The Coves' East Pond Woods

After encouragement from Friends of the Coves Subwatershed Inc. (FOTCSI) and Old South Community Organization (OSCO), in August 2008 City Council voted to purchase a 3.9 hectare (9.66 acre) parcel of land adjacent to The Coves' East Pond. This land encompasses most of the northeastern shoreline of the East Pond and adjacent floodplain lands which, although strictly zoned to discourage most development, were still at risk of development for uses not consistent with conservation, such as a mini golf course or tennis courts. Former owner Chata Holdings put forth several development proposals of their own for the site over the years before finally deciding the City was the most appropriate owner for the land; that became a reality in early 2009.

Soon after, negotiations that had been ongoing for years with private landowners of another smaller (0.5 acre) adjacent property to the south finally concluded and that property was also acquired by the City. The acquisition of this property resulted in a continuous public greenspace corridor stretching around the east half of The Coves - from the Thames River and the West Pond through Greenway Park, along the East Pond shoreline and the South Pond shoreline to the west end of Cliftonvale Avenue, interrupted only by Springbank Drive and Cove Road.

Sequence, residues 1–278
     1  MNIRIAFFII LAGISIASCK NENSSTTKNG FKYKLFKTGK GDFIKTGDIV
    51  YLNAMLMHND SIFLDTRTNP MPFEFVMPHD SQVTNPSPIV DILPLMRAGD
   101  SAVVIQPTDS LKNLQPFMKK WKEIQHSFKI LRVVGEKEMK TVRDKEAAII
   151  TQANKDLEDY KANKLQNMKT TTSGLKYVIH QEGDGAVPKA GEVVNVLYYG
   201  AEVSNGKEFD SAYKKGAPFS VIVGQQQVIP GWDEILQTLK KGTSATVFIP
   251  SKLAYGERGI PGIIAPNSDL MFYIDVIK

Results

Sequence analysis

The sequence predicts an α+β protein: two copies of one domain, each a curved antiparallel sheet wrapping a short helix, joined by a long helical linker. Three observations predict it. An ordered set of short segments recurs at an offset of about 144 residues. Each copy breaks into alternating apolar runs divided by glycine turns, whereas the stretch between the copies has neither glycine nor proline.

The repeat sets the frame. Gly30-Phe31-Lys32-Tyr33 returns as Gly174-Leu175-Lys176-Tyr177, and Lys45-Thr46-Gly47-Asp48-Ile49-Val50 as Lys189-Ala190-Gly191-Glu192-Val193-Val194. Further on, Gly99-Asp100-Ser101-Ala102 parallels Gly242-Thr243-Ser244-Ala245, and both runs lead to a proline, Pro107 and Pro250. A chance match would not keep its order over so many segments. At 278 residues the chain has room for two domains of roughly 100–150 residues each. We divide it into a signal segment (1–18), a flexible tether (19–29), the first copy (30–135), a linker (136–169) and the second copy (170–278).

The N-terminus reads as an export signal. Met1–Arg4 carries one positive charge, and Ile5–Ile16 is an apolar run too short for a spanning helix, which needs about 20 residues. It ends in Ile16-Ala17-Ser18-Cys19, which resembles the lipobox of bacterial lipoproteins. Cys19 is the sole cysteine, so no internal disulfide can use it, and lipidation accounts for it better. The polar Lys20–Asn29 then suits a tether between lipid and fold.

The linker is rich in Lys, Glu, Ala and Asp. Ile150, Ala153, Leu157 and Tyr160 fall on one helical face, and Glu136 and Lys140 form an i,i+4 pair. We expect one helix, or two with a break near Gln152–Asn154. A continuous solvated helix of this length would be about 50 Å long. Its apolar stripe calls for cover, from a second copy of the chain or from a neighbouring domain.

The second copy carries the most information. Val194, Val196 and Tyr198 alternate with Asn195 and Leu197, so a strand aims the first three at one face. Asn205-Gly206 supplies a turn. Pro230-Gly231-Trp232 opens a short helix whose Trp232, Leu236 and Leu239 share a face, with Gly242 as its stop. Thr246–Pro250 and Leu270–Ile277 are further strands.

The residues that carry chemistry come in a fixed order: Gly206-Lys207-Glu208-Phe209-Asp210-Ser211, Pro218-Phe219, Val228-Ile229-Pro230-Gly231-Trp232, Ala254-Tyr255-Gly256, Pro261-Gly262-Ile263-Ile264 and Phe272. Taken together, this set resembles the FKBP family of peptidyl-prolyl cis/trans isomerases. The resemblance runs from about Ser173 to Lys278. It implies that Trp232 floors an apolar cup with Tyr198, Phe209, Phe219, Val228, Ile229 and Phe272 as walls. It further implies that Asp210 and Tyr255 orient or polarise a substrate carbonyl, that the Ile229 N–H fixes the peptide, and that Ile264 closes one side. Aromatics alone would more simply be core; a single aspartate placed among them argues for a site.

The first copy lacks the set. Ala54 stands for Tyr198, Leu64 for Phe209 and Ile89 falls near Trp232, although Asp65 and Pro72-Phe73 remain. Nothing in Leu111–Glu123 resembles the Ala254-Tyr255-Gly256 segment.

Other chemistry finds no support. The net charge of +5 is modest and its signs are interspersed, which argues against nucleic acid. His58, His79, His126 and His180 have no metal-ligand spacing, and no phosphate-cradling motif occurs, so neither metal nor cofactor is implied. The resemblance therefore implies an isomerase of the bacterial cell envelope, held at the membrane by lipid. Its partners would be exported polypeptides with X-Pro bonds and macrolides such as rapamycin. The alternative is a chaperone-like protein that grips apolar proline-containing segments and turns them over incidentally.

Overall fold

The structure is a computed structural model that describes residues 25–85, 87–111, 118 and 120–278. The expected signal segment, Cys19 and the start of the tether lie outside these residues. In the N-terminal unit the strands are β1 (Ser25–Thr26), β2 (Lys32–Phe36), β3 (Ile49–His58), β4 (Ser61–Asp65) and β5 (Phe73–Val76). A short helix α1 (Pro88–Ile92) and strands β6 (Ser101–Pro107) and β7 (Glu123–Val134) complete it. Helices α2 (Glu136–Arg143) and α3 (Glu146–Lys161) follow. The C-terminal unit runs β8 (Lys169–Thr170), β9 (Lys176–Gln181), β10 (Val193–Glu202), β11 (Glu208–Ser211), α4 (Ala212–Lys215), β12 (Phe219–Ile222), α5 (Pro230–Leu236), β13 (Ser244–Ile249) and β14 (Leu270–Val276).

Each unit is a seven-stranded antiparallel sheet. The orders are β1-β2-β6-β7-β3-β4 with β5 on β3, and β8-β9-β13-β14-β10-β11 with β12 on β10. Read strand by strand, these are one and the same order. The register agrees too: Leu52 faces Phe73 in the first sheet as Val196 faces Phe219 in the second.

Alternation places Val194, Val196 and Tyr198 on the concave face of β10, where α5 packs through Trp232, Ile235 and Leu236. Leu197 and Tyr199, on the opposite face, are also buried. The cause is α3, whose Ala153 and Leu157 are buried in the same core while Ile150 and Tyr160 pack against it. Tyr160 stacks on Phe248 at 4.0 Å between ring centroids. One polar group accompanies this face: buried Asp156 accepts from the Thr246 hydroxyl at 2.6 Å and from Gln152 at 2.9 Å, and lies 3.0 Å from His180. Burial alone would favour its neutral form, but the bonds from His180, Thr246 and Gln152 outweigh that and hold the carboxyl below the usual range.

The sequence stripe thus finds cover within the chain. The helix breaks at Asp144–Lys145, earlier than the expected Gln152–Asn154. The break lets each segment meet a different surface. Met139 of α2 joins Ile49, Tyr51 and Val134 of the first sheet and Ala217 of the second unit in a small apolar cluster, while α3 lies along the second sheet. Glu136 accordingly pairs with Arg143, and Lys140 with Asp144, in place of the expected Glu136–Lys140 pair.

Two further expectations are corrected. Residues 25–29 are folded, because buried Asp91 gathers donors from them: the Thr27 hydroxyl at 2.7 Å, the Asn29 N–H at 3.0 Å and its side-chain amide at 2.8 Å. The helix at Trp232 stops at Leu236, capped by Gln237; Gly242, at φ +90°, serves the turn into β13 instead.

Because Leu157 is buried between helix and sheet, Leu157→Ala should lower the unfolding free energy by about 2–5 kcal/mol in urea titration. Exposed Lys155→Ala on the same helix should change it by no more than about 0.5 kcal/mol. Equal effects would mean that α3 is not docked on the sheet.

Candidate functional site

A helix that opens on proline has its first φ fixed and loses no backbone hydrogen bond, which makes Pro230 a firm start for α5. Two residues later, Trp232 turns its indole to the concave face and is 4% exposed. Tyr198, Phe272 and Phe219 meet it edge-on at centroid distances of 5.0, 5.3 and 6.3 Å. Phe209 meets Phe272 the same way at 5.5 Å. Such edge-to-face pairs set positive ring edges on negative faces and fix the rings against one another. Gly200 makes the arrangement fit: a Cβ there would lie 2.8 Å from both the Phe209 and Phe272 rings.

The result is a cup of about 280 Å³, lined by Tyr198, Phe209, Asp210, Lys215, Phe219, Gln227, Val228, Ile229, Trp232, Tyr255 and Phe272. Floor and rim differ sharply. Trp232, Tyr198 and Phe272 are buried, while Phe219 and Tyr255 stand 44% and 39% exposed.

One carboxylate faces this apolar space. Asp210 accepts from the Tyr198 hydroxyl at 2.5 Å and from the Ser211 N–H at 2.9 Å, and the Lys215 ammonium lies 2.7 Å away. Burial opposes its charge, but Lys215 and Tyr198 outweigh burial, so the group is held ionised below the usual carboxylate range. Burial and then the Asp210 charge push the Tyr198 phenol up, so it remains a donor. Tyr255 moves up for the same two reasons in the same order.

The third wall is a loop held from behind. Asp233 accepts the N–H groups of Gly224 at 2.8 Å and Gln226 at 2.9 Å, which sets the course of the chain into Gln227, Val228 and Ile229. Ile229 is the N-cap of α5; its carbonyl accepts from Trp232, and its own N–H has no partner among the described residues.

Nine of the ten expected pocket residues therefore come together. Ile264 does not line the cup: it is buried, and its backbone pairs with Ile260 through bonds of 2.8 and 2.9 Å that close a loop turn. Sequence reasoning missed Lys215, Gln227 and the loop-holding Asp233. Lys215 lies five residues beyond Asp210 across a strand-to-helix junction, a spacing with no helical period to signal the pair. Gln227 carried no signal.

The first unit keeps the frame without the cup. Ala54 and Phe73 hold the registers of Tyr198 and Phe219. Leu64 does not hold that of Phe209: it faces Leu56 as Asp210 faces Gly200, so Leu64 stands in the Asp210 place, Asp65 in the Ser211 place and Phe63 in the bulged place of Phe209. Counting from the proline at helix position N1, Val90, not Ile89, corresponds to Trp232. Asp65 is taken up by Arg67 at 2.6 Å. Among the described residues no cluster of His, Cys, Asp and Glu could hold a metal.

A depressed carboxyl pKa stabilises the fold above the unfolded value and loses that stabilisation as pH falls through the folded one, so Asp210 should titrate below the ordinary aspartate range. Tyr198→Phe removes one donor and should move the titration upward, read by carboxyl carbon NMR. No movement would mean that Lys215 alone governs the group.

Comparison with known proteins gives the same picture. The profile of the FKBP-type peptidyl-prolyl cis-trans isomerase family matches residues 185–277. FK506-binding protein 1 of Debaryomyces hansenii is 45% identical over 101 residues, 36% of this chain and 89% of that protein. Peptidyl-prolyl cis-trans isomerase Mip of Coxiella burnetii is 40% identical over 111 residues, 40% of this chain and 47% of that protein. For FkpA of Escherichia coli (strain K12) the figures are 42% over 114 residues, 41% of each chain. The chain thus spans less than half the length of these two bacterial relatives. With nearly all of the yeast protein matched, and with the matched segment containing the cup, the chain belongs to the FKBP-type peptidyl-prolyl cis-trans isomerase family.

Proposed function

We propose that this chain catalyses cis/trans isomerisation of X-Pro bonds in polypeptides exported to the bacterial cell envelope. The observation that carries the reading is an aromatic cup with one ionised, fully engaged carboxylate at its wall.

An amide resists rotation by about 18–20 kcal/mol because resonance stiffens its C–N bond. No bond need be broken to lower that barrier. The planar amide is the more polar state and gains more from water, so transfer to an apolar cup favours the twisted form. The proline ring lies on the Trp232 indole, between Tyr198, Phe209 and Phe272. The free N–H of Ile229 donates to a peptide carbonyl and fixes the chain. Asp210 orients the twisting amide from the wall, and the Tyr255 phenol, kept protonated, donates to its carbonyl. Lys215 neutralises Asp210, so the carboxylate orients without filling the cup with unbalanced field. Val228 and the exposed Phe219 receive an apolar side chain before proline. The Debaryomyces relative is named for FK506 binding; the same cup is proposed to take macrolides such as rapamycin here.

This is a vital stretch of Coves greenspace which provides habitat and a travel corridor for an abundance of animal and plant species, protects the shoreline from erosion, and protects water quality in the Coves, among countless other benefits. It also contains geographic features and habitat responsible for The Coves’ Environmentally Significant designation.

A trail that has been trespassed on for decades through the East Pond Woods is now legally accessible to the public. City of London Parks Planning staff report that few changes will occur immediately besides signs to mark the property. Potential plans for the future include trail signs and blazes, a small bridge for a creek crossing, and possibly some rerouted and/or wooden boardwalk sections, all in efforts to reduce the environmental impact of the path and visiters on the natural environment.